Video Game / Magic Jewelry
(also known as simply Jewelry
) is an unlicensed clone of Columns
for the NES
programmed by Hwang Shinwei in 1990. The basic premise of the game is the same as its original source, where blocks of three jewels fall from the top and you have to arrange them into combinations of three or more to remove them until the well fills up. The graphical layout of the game was strongly inspired in New York City, and depicted the Statue of Liberty
on one of the sides. Although it had only one basic mode, it proved to be fairly popular in countries where the console had a bootleg market.
The following year, a sequel called Magic Jewelry II
appeared in a multicart, adding a two-player mode, various options to change the jewel sets along with the layout, and a timed mode called "Flash" (unrelated to the original Flash Columns)
. This sequel was less popular (probably due to the fact it was not programmed for a simple mapper and, hence that, was rarely re-released by other pirate companies), but notorious for its' improvement over the first game.
Magic Jewelry and its sequel provide examples of:
- Big Applesauce: The default background in both games is based off New York.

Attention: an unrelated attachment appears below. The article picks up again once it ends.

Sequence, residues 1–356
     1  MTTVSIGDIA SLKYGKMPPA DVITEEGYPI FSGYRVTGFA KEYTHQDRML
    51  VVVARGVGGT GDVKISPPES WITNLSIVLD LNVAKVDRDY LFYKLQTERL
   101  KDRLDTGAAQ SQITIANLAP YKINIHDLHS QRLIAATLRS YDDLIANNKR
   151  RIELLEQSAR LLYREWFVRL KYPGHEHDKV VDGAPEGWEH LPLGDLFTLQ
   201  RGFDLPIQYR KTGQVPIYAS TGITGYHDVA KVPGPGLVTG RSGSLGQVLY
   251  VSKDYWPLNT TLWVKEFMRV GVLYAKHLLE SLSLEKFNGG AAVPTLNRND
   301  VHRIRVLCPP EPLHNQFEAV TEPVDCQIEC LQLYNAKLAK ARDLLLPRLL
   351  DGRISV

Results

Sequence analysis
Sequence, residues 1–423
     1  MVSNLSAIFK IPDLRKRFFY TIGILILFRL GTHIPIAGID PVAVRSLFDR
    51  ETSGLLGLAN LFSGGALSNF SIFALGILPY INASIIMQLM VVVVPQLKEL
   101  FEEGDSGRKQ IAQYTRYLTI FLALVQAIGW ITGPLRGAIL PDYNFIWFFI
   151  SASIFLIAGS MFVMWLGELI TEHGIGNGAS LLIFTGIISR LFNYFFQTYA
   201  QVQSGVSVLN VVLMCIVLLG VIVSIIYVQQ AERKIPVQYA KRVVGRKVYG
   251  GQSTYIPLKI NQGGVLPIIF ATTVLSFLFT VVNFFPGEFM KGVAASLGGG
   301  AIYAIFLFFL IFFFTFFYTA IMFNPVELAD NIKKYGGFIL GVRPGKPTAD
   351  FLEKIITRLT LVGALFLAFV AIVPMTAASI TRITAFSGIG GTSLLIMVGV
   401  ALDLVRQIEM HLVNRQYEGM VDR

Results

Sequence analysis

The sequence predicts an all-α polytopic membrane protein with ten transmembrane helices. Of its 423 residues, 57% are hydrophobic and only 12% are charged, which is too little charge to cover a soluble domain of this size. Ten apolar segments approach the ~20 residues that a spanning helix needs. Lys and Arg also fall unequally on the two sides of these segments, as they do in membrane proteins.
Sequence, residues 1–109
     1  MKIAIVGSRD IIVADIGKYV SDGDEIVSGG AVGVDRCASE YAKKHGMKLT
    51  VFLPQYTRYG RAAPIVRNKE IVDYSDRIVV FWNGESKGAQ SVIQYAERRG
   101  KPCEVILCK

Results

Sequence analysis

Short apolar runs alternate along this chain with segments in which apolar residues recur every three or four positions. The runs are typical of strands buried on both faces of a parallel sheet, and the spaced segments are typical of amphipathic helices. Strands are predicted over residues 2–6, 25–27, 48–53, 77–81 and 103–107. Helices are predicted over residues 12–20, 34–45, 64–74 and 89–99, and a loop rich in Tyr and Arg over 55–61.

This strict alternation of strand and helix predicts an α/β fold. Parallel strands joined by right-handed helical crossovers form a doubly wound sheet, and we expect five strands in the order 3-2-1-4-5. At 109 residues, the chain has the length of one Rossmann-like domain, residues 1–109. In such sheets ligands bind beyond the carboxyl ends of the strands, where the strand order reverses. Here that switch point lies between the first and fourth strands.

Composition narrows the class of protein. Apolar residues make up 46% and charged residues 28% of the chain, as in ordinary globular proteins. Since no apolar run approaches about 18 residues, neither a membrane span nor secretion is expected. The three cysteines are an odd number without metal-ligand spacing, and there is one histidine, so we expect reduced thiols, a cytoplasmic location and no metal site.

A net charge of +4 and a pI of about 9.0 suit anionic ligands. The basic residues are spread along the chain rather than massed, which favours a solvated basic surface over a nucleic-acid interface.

- Endless Game: As with Columns, it can go for hours if the combos are well-matched.
- Everything's Sparkly with Jewelry: Although it's not the first game to refer explicitly to the pieces as "jewels", it's one of the first to run with the theme in its title.
- Falling Blocks
- In-Name-Only: The Flash mode in Magic Jewelry II has no relationship whatsoever to the classic Flash Columns, instead being a timed mode that only worked in a two-player match.
- Match-Three Game
- Nice Hat: One of the jewel sets in the sequel is based around these.
- No Plot? No Problem!: Unlike the Excuse Plot its source had, Magic Jewelry has none. However, the sequel can rise a feeling that you're traveling around the world, judging by the landmarks visible in all the layouts.